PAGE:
Then why, pray tell, can I rarely get someone on the phone on the first try? Why am I almost always sent into voicemail when I call someone at the office? Where is the friendly greeting of years gone by that asked me, politely, to where I would like my call directed? Here’s my theory: we busy ourselves with nothing. We busy ourselves to feel as if we’re being productive. We create “work” where none exists. We are victims of the information economy, struggling to shift our focus from the piecemeal workaday processes that used to yield definitive deliverables you could put your arms around, to the now amorphous intangibles that characterize the product for which so many of us are being paid. Contemplate this: If I sit and think about a client’s business challenge for five hours while staring at the Pacific Ocean, am I being less productive than attempting the same great feat while juggling my cell phone, blackberry and laptop? In which scenario will the client gain more value? What is worth more to the client? Me multitasking, and after two weeks finally squeezing out enough time to consider and respond thoughtfully to the client’s issues, or spending a half-day staring out to sea, contemplating possible solutions based on twenty-plus years of experience and a whole lot of formal education and heading back to the office to write them down? Both deliverables yield the same revenue for the firm. Ironically, the one that is delivered faster, with far more dedicated thought on my part, is the one that might lead the uninformed observer to conclude I was being lazy and unproductive, while my harried counterpart, delivering late, piecing together bits of thoughts over a far longer period of time, is assumed to be the “busy” person who appears to be hardworking.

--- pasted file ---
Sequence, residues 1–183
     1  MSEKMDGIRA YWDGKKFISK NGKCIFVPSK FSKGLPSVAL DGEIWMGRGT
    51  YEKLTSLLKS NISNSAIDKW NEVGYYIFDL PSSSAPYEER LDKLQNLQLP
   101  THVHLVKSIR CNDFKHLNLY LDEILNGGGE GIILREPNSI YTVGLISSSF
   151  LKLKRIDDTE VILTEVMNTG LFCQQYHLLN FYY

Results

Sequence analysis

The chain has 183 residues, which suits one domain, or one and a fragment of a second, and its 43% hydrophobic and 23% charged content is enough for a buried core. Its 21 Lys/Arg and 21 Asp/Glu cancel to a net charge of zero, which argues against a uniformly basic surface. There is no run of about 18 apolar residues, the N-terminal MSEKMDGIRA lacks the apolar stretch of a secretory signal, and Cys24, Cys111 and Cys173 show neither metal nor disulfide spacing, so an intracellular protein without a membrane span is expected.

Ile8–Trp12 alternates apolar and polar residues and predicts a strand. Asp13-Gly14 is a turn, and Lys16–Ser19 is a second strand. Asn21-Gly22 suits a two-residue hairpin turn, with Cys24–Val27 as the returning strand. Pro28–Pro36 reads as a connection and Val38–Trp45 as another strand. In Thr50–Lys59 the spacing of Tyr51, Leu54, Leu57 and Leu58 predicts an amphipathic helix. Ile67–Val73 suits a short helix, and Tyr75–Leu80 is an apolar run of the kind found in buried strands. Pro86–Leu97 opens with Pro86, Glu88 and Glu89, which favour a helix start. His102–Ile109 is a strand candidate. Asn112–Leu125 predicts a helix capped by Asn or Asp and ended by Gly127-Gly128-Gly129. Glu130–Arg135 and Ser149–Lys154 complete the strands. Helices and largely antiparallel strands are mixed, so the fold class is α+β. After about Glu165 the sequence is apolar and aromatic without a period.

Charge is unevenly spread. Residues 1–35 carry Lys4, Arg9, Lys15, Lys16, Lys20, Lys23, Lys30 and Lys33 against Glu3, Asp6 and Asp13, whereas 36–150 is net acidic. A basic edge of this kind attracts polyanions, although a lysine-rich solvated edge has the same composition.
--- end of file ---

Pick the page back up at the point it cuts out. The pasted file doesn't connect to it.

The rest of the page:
Think about that. And think about how your own processes would be impacted by a shift in thinking that reflects true productivity, rather than perceived diligence. Confusing activity with accomplishment is a fundamental challenge to good business process management practices.

Friday, May 11, 2007

A Look in the Mirror

Man, have I heard some horror stories lately – deadlines missed, functionality incomplete, millions thrown away. Sure we’ve all heard about similar situations and all know we need to apply the discipline of project management and develop a thorough understanding of user requirements to minimize the chance of failure. But perhaps it’s time for some folks to take a hard look at themselves, to see whether they – and not their vendors or vendors’ technology – are entirely to blame for the failures of certain systems implementations.

This is all of course old news to the tech savvy out there, but my mission, with this blog and in general, is to communicate to those who are not terribly tech savvy that there are reasons for frameworks, disciplined approaches, software development lifecycles and other forms of best practice. The cynicism most have toward many of these methodologies is no doubt a function of the misuse or misapplication of them that resulted in a bad experience. To be sure, one vendor I know of promotes the use of Agile development methods in their deployment of enterprise-class systems involving complex insurance operational processes that involve offshore development teams and multiple integrations with third party systems. To me, using an Agile framework for such a project is non sequitur – the remoteness of the development team alone sort of mandates the creation of fairly detailed requirements documents – a mandate that directly contravenes the Agile philosophy.

The lesson? Get to know more about these frameworks and insist that your vendors use them properly. Make an inquiry into vendor methodology a major part of your RFP process, and insist that contending systems vendors provide vivid descriptions of the approach to the project they propose to undertake. Further, make sure your own organization is prepared for the change that’s associated with adopting a vendor’s framework, and remains committed to the approach. Sometimes, a good look in the mirror goes a long way.